An hour and a half after the hydro went out, Gracie was still playing her DS, but Rowan, Riley and Elly were playing Go Fish. They then found the Bop It, which pulled Gracie away from the DS. The living room was filled with laughter. It was during this time that Christopher and I snuck downstairs to the basement and sat in front of the fireplace with a glass of wine.
The power-outage was funny because only some of the houses and businesses were affected. This was perplexing, but worked to our benefit. Christopher ran out to the grocery store and grabbed a barbecued chicken, salads and bread. After dinner he got us coffees. I sat eating dinner, enjoying my family. I kept thinking that we got off easy, almost too easy. The house temperature only fell a few degrees, and we were all still comfortable.
Around 7:00 p.m. the power was still out. I went around setting up candles so that all I had to do was light them when the darkness fell. The kids were still enjoying each other, so Christopher and I went into the kitchen and played backgammon. I felt at peace. There was not that hum the hydro makes, normally I don't even notice it with all of the other noise. There was no sounds of the television, no computer, just the kids talking to each other.
As the darkness fell, I went around lighting candles that had been placed out of reach of children. I placed mirrors in behind them to reflect the light. The house glowed with that light that only candle light can produce, that soft, warm glow. I kept telling Christopher "I keep waiting for things to go wrong but this is so nice."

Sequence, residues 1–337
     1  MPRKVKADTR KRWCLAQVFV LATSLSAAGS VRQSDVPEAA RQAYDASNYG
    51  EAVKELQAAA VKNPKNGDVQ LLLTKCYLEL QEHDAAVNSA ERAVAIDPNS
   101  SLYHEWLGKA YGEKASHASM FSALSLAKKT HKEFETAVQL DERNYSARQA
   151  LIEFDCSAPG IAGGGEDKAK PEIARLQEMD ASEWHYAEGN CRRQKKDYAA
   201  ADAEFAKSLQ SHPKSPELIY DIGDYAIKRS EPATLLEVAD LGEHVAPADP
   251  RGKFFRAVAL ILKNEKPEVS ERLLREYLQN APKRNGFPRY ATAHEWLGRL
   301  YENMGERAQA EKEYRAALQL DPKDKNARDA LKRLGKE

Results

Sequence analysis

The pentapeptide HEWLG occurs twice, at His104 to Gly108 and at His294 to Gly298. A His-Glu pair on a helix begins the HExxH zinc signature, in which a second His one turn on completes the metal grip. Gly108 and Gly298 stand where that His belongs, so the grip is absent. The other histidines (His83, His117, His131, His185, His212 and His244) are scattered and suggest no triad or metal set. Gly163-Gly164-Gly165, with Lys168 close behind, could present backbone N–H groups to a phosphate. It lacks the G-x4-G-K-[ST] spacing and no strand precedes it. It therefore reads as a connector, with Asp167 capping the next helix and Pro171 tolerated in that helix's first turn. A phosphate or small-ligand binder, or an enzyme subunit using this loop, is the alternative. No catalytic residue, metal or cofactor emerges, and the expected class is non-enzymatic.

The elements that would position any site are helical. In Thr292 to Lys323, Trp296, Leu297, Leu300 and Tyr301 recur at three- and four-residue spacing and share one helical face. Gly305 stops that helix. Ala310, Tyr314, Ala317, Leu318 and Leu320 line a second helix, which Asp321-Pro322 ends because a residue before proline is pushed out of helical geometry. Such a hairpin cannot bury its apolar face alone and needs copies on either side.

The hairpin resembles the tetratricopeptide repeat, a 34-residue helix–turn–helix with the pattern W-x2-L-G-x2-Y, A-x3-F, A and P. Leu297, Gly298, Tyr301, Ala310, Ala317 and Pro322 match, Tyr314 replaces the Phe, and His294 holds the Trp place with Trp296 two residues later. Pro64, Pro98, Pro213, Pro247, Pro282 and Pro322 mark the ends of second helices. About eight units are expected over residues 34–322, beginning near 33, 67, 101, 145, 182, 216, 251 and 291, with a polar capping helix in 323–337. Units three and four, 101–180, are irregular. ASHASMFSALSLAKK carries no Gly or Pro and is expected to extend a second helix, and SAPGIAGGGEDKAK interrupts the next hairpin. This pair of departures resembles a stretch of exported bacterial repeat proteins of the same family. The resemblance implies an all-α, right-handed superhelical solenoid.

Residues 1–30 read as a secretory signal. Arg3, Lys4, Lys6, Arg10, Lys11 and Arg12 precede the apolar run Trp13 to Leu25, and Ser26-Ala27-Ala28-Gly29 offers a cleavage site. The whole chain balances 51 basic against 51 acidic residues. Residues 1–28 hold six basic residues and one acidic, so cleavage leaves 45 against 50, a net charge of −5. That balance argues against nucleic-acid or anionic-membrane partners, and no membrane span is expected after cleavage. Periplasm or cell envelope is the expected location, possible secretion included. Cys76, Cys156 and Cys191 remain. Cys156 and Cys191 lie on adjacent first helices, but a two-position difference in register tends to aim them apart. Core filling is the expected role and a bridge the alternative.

Around 8:00 I set up my laptop (I know. I was slightly conflicted about introducing technology, but I also didn't want them to get bored and go for each other's throats). I pulled out the bowl of chips, and passed around Kool Aid Jammers. They sat, covered in blankets, enjoying the movie. Once the kids were all settled, Christopher went into the kitchen to talk by candle light (it sounds more romantic that it was). It was around this time that the alarm began to go off on the sump pump battery.
We had invested a small fortune to get the basement waterproofed this fall. We thought that it would be a really smart move to invest in a battery incase there was a hydro outage. It was not inexpensive, but it gave us peace of mind. Up until this point we have been feeling really good about our investment. All day the pump kept pumping out water, even though the hydro was out. We kept congratulating ourselves on our brilliance.
We had thought about moving the kids down to the basement where the fireplace was to keep them warm. We decided against it because in 10 hours the heat had only fallen 2 degrees. We decided to set the little kids up in the living room in sleeping bags. We put extra blankets on top of them just incase, turns out that was a pretty smart move.
That night Christopher and I snuggled into our bed. We congratulated ourselves on getting though the day. I sighed deeply thinking about how nice it had been to just be with each other. Little did I know that fate would bite me in the butt........ to be continued tomorrow.